Any information that I share with someone else is in the Open area. Once I let you know that I wear a size 8 shoe, it’s in the Open region. Hidden items are things that I know, but no one else knows. We all have lots of those! We should have lots of them. We don’t share everything. Unknown items are things that I don’t know about myself and no one else knows either. For example, maybe I could be a great computer programmer and neither one of us knows it.

The one that’s interesting is the Blind region. Those are things that other people know about us that we don’t know about ourselves. Perhaps everyone else can see that I am inspirational, but I don’t realize it. Maybe I have a distracting habit of messing with my hair that drives everyone crazy, and I don’t even realize that I do it.

It’s important for all of us to know that we have items in the Blind region of a Johari Window. Some of them are good qualities, and some are not. Discovering those things about ourselves is revelatory! The new information can transform us. Like Shakespeare’s characters, we don’t remain static; we develop and grow. We are interesting!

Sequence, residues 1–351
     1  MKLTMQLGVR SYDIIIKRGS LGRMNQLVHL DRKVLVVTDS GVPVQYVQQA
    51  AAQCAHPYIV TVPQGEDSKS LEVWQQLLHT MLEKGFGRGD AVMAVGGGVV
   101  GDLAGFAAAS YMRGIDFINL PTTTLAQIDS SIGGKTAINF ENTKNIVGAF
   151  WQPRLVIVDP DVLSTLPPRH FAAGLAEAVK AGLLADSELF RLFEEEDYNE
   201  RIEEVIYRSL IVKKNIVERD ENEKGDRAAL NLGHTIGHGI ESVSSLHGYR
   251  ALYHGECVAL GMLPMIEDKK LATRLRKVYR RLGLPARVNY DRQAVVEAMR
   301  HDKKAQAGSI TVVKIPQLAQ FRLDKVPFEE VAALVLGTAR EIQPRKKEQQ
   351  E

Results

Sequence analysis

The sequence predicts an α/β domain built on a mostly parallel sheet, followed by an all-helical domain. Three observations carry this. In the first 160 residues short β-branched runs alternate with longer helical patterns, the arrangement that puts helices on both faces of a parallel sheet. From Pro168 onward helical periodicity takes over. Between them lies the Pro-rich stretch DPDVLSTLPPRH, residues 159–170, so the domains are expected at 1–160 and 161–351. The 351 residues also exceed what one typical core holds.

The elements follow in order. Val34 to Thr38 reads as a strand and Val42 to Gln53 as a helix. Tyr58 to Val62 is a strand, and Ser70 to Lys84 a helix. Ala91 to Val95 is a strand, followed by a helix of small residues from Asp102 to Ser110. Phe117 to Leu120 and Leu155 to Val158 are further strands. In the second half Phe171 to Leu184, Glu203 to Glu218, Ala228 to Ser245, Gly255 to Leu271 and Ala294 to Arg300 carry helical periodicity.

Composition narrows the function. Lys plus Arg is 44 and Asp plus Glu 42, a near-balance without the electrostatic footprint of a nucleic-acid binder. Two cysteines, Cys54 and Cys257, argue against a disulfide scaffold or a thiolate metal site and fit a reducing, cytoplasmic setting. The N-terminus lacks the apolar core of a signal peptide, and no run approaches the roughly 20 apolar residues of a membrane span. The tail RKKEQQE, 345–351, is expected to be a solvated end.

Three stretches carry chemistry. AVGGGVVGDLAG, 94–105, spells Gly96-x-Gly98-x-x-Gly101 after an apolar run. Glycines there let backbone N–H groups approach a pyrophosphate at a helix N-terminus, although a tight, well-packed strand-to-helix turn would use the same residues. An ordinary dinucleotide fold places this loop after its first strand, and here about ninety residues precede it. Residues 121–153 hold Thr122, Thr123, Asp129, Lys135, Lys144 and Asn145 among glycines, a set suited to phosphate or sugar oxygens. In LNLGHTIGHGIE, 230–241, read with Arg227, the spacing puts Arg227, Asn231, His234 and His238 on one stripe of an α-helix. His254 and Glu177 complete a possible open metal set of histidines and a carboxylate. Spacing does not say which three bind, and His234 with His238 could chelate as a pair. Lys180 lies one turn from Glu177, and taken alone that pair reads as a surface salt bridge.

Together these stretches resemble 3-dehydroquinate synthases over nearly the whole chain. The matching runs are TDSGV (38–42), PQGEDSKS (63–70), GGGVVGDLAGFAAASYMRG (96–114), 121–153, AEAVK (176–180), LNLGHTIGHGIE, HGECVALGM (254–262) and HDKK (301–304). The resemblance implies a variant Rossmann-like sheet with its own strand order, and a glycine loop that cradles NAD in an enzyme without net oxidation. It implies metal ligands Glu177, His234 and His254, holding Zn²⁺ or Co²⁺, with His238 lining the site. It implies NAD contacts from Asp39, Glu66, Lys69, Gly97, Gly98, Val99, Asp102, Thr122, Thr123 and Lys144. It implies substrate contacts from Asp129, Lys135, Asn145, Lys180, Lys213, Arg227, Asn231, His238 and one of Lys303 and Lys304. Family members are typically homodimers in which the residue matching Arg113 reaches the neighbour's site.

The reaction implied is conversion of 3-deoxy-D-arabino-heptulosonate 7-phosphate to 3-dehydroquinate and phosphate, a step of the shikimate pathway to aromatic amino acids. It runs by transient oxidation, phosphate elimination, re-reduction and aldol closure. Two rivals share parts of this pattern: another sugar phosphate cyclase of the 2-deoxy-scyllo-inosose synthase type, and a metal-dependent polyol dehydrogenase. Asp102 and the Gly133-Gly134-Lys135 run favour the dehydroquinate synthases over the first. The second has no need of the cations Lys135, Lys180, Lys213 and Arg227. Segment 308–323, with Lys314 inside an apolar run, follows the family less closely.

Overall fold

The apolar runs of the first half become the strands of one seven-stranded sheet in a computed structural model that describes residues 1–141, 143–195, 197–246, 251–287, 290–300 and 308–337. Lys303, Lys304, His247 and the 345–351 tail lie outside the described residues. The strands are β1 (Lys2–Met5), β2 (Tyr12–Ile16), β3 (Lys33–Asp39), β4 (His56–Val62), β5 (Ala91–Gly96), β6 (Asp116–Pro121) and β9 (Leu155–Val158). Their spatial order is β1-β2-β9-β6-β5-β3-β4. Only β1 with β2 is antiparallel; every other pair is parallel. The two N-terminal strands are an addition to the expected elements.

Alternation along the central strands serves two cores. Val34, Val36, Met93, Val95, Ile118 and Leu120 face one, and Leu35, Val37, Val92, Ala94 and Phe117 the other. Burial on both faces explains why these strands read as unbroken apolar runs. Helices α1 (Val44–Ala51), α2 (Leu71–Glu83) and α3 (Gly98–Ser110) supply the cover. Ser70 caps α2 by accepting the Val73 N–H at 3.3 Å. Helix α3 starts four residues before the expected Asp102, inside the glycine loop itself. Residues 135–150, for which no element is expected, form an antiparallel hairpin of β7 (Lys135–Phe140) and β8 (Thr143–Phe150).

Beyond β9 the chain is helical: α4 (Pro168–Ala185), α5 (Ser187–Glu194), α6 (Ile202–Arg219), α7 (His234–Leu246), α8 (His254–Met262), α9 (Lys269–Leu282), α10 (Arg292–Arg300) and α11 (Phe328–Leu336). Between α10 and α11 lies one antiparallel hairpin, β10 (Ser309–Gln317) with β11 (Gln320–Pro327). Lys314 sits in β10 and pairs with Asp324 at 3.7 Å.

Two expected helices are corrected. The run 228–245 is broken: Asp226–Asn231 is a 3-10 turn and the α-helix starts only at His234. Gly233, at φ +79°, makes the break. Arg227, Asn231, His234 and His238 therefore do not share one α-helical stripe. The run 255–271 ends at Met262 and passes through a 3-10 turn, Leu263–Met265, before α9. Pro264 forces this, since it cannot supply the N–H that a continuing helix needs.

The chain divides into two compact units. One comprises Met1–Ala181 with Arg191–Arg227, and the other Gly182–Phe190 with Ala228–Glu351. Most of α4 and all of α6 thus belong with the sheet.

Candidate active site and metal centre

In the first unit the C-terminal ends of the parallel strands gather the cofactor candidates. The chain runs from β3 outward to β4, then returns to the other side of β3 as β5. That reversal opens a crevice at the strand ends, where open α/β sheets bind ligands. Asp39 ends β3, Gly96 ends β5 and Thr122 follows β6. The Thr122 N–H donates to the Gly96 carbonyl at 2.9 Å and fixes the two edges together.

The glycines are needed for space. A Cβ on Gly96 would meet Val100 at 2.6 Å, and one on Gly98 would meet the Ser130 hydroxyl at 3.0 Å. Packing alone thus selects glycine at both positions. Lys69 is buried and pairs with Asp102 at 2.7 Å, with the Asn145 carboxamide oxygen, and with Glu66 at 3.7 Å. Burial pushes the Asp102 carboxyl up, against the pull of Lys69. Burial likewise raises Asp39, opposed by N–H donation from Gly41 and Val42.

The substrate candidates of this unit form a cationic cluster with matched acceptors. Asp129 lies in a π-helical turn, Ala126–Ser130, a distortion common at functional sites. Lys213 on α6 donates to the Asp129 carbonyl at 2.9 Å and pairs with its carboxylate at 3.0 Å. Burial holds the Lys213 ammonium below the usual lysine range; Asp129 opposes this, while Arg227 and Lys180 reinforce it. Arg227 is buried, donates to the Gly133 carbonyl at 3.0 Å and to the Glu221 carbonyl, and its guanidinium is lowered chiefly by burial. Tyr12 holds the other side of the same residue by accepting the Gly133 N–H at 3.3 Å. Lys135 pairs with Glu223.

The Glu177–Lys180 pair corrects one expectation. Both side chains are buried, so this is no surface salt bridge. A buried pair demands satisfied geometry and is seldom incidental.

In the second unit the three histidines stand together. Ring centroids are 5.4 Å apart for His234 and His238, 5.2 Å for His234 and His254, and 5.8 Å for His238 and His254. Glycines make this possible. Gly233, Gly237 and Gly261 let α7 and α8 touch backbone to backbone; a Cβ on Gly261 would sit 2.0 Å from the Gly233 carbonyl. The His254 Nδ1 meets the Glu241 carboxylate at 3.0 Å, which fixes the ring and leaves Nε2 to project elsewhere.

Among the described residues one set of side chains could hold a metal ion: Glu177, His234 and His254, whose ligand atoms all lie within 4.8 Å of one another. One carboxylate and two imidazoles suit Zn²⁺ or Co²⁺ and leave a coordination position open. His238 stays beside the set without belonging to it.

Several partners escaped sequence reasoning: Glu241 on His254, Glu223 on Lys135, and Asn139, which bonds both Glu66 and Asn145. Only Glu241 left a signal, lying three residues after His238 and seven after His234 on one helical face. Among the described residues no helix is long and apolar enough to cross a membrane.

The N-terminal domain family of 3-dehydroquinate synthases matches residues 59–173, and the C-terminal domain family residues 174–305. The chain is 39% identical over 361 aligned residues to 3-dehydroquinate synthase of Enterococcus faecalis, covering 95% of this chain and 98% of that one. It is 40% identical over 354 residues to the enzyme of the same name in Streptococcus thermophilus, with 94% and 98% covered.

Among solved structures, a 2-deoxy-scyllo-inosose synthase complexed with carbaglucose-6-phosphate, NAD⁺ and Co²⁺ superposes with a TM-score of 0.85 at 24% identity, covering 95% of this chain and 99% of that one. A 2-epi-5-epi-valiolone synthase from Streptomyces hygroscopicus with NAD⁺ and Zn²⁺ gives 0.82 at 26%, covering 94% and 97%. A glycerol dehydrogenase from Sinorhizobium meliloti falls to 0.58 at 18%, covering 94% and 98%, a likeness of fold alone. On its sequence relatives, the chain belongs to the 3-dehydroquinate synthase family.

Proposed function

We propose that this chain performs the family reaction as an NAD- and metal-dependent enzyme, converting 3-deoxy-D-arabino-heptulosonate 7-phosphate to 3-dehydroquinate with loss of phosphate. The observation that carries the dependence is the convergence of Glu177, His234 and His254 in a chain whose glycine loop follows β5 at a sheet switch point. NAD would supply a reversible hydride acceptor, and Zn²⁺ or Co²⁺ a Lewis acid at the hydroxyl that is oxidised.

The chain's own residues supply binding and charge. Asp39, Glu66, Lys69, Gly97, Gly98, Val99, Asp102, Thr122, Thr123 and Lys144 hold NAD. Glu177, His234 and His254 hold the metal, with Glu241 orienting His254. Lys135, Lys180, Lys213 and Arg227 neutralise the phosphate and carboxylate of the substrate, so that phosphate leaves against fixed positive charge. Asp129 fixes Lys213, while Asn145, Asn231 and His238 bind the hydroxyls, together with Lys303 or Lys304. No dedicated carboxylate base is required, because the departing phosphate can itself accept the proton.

Learning about ourselves is a challenge that can be exciting and gratifying. When I began my journey of self-discovery, I felt lost. I didn’t know what I liked, what my strengths were, what I liked to do, or what I wanted to accomplish.

This month, I am going to get reacquainted with myself. I hope that you will join me, and we can move a few things from the Blind region to the Open one on the Johari Window.  We want to continue to grow, change, and learn because it is a life-long process that keeps us interested and interesting.

For a little bit of fun leadership development, join 53 Leadership Challenges at KathyStoddardTorrey.com.

Want to go further with your professional development? Check out the courses offered at PositiveEffectLeadership.com.

If you are interested in taking your career to the next level quickly, contact me for a sample coaching session at KSTorrey@tapferconsulting.com.